Skip to main content
  • Opinion

    Harmful or Helpful? AI’s Potential in Ophthalmology

    Download PDF

    Headshot of Ruth D. Williams, MD.

    By Ruth D. Williams, MD, Chief Medical Editor, EyeNet

    I’ll be back” is one of the most famous one-liners in movie history. Declared by Arnold Schwarzenegger’s character in the 1984 film The Terminator, the cyborg-assassin is sent back to 1980s Los Angeles from a dystopian 2029. Forty years ago, we were already thinking about artificial intelli­gence (AI) gone awry. And now, only a few years shy of 2029, the medical community is grappling with AI’s potential in medicine—both harmful and helpful—with the launch of OpenAI’s ChatGPT, Google’s Bard, and Microsoft’s revamped Bing. Introduced in November, ChatGPT is already stimulat­ing thoughtful discussions about its role in scientific writing and updated policies in the ophthalmic publishing space.

    ChatGPT (Chat Generative Pre-trained Transformer) and other AI chatbots are being utilized in academia in increas­ingly creative ways to write cover letters, letters of recommen­dation, syllabi, and opinion pieces like this one (but I’m writ­ing this the old-fashioned way). These tools can, for example, describe in detail a fundus photo in the documentation box of the medical record. I would not be surprised if the next generation of programs includes ophthalmic applications that leverage AI-based diagnostics—similar to the current system(s) that autonomously diagnose patients for diabetic retinopathy—to process images in addition to text. (GPT-4 even offers work-life balance perks. It can recommend din­ner recipes based on a photo of the contents of your refriger­ator—a practical application for busy ophthalmologists.)

    The explosive growth of AI chatbot technology has engen­dered new applications (and ethical dilemmas) that many never would have contemplated only a few months ago. Moreover, it highlights the importance of ensuring AI is used in a responsible and trustworthy manner.

    Just months after it was launched, ChatGPT was listed as a coauthor on several scientific papers, leading journal editors and scientific publishers—including Nature, Science, and Elsevier—to develop policies around the use of genera­tive AI in scientific writing. Generative AI can be used in the writing process to “improve the readability and language of the work,” as described in “Publishing Ethics” on the Elsevier website.1 Note: it is imperative for authors to disclose the use of AI and AI-assisted technologies in the manuscript.1

    Ophthalmology editor-in-chief Russ Van Gelder pointed out to me that chatbots are the next step in the evolution of writing tools. He added that “ChatGPT is disruptive because it crosses the Turing test threshold. That is, it displays intelli­gence nearly indistinguishable from that of a human.”

    Most journals, including the family of Academy journals, do not allow ChatGPT or other AI-assisted technologies to be listed as an author. Russ explained that all authors are responsible for the data in the paper and a chatbot cannot attest to the veracity of the data and the analysis. Further­more, because the human authors typically can’t identify the sources ChatGPT uses to generate content, it’s plausible that plagiarism is occurring. Who is responsible for that?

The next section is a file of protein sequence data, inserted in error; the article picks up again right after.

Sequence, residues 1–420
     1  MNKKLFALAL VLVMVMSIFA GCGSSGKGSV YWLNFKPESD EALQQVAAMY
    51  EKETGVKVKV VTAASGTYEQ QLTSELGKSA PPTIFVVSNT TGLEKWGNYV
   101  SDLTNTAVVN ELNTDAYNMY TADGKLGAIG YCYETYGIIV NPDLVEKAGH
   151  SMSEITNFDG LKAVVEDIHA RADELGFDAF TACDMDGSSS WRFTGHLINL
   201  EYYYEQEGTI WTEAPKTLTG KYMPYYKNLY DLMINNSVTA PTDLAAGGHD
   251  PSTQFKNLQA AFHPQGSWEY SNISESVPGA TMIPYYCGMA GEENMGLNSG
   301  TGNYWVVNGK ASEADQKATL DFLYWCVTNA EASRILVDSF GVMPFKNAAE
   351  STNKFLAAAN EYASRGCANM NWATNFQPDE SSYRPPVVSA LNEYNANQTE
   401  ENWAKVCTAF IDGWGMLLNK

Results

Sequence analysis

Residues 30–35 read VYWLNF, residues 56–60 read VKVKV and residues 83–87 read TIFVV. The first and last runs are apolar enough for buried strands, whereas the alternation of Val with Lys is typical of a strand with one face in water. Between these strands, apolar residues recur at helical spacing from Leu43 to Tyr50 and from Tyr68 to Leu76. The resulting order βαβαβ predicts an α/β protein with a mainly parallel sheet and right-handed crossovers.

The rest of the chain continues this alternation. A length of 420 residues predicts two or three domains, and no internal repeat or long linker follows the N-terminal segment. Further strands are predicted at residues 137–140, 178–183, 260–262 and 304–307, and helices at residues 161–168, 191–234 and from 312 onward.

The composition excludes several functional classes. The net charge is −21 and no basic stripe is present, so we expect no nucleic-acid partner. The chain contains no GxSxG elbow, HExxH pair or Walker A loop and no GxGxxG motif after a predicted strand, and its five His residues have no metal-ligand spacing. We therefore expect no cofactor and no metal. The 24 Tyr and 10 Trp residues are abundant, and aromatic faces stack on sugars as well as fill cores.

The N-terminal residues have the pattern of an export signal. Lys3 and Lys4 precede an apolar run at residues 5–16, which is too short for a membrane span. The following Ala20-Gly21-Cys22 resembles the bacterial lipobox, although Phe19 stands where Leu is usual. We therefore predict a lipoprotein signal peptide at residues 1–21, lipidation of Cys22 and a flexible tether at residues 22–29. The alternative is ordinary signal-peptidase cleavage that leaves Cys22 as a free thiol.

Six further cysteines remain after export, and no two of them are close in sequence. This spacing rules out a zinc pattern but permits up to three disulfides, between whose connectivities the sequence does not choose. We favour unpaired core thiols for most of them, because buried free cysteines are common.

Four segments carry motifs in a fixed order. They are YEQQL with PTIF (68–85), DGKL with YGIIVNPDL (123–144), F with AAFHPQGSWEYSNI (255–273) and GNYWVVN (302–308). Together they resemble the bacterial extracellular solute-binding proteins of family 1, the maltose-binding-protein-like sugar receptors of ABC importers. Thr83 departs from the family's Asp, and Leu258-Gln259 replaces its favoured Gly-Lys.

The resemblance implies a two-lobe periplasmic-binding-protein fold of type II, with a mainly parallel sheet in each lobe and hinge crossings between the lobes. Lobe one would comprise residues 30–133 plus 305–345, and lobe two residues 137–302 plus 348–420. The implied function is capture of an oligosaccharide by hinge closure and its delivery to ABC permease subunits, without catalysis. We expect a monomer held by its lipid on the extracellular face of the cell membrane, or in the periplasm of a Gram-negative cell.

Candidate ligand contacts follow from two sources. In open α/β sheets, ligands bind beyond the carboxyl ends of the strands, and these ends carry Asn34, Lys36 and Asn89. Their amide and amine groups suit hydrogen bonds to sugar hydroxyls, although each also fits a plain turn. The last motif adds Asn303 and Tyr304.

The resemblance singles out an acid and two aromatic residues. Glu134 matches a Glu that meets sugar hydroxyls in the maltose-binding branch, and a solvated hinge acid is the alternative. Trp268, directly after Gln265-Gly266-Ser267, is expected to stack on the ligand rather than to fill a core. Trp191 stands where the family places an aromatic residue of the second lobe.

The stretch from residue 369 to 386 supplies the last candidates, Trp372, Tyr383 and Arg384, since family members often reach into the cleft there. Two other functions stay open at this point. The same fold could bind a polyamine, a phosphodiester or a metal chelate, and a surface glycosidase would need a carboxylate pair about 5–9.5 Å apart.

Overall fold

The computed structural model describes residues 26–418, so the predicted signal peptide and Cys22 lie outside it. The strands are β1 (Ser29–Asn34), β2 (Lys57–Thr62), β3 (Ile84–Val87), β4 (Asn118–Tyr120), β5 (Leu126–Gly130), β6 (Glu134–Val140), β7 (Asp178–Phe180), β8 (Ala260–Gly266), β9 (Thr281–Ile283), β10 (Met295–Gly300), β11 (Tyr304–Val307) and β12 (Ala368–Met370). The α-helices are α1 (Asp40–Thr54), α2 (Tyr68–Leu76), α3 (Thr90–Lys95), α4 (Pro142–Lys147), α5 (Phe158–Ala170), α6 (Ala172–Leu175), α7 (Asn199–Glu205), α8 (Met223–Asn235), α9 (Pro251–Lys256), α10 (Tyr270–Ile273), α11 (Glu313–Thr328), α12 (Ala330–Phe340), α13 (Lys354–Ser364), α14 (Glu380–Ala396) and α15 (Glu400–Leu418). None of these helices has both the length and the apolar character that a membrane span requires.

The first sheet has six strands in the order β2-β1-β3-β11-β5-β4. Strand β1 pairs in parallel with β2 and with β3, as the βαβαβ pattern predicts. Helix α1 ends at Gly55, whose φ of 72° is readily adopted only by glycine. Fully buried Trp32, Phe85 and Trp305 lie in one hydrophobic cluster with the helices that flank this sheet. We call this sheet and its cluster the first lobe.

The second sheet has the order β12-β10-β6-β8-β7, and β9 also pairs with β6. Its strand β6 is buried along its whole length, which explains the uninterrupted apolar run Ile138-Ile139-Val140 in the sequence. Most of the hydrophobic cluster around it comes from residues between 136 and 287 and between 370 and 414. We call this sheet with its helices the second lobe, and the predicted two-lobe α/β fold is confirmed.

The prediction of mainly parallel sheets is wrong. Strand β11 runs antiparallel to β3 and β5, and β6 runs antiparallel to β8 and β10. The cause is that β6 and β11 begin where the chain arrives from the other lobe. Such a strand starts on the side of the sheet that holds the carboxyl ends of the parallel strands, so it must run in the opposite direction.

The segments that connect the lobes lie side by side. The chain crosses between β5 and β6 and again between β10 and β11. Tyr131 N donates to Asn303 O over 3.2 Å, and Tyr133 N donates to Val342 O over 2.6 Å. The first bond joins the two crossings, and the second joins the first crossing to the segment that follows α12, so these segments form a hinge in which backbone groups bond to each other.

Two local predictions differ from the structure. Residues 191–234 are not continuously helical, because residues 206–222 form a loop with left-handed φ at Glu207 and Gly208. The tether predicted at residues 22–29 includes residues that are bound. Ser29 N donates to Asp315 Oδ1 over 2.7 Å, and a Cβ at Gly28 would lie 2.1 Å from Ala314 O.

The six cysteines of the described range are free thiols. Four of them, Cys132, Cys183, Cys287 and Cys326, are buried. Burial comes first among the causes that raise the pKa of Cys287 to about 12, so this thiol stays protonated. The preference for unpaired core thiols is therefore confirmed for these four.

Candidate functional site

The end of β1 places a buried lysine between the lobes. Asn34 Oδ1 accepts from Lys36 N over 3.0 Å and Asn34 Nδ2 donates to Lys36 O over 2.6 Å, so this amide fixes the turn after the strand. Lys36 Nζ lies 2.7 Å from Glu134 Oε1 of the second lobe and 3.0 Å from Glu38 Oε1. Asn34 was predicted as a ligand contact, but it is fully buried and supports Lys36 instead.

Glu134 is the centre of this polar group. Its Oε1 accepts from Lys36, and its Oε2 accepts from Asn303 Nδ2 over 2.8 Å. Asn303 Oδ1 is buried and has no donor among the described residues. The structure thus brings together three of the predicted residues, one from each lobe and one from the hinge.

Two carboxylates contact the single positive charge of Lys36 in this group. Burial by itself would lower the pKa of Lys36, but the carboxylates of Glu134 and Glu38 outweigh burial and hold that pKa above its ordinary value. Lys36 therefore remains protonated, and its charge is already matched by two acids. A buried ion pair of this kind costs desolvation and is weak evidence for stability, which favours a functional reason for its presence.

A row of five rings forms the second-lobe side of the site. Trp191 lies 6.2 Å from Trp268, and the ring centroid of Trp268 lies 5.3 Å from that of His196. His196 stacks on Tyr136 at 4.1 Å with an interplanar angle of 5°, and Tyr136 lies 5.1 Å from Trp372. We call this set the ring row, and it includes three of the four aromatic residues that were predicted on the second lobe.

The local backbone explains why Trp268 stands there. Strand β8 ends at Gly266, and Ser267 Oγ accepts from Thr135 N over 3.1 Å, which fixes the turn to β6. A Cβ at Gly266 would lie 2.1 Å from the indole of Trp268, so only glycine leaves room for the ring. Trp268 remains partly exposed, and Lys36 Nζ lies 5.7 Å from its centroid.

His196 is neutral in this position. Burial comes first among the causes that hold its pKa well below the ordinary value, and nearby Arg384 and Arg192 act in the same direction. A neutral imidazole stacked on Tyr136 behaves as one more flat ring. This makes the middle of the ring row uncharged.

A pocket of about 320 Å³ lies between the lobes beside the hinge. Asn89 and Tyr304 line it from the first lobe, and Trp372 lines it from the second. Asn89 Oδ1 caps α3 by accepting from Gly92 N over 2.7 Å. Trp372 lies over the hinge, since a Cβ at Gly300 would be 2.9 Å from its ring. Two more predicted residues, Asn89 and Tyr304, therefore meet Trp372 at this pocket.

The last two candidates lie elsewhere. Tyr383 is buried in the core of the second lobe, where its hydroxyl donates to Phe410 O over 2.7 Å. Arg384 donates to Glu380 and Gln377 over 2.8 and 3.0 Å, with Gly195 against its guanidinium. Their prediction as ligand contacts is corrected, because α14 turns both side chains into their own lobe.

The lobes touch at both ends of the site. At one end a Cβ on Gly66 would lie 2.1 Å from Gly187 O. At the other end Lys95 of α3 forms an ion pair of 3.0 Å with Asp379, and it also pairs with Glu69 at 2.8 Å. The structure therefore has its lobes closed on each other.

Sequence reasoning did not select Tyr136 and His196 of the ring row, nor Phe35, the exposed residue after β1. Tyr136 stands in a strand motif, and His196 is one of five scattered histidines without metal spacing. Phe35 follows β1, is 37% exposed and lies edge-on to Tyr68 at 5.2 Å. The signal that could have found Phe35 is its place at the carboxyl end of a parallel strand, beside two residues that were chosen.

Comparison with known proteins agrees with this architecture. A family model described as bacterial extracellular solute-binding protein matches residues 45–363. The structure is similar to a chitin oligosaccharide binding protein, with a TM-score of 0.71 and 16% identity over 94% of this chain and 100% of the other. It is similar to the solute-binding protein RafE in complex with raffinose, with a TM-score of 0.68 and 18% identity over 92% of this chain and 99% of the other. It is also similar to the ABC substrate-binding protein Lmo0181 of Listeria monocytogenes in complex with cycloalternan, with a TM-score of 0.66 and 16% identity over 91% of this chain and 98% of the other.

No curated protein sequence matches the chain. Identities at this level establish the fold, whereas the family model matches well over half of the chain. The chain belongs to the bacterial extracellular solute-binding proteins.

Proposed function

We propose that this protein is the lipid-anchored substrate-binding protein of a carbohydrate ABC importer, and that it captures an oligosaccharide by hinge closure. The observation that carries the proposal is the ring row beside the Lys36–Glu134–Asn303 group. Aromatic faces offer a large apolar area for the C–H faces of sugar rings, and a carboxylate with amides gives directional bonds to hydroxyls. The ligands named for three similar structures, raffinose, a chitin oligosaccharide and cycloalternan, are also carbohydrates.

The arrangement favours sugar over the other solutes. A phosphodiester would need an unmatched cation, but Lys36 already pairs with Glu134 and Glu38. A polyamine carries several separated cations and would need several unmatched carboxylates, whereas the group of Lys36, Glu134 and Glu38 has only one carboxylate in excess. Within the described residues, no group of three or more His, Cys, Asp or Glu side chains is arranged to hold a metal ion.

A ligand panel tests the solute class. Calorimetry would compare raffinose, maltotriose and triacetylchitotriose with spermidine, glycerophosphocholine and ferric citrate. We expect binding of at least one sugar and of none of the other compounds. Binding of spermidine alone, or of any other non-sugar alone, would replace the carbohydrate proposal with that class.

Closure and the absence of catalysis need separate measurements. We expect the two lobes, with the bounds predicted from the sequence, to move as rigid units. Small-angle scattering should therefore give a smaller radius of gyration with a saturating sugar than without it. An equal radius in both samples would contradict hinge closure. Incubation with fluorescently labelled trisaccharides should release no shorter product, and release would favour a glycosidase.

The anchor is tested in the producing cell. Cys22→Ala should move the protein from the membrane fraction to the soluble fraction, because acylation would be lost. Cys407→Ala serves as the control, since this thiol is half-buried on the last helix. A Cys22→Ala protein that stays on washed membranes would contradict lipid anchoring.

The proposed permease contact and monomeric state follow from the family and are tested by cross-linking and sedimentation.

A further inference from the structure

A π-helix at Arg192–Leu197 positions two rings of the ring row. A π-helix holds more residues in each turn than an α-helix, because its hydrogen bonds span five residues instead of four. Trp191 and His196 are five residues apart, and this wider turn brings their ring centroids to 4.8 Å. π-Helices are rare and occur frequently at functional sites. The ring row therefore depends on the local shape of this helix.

Russ also emphasized that chatbots must not be used to interpret data or draw scientific conclusions, which raises the question of how this technology might be used in academic papers. ChatGPT can assist in conducting a literature review and can generate summaries of relevant studies and highlight key findings, but with limitations: its trustworthiness is ques­tionable, it does not give references, and it sometimes makes things up. ChatGPT can also be used to correct grammar, punctuation, and spelling errors. It can suggest synonyms or alternative words to improve the clarity and precision of the text.

    I asked ChatGPT how it could be used to write scientific papers. Its response was thorough, but inconsistent with the existing policies of Ophthalmology. For example, ChatGPT suggests that it can be trained on scientific data and used to perform data analysis, such as predicting outcomes or iden­tifying patterns. To its credit, ChatGPT did give some good advice to authors regarding its own credibility. It said, “While ChatGPT can be a useful tool, it should not be used as a substitute for human analysis and critical thinking.” And on a lighter note, ChatGPT generated an entertaining list of times the catchphrase “I’ll be back” has reappeared in our cultural lexicon since The Terminator first played in theaters.

    As our ophthalmic community conjures new ways to use chatbots, there is sure to be further discussion on the use of AI-assistive technologies. No doubt, “We’ll be back.”


    1 Accessed April 3, 2023.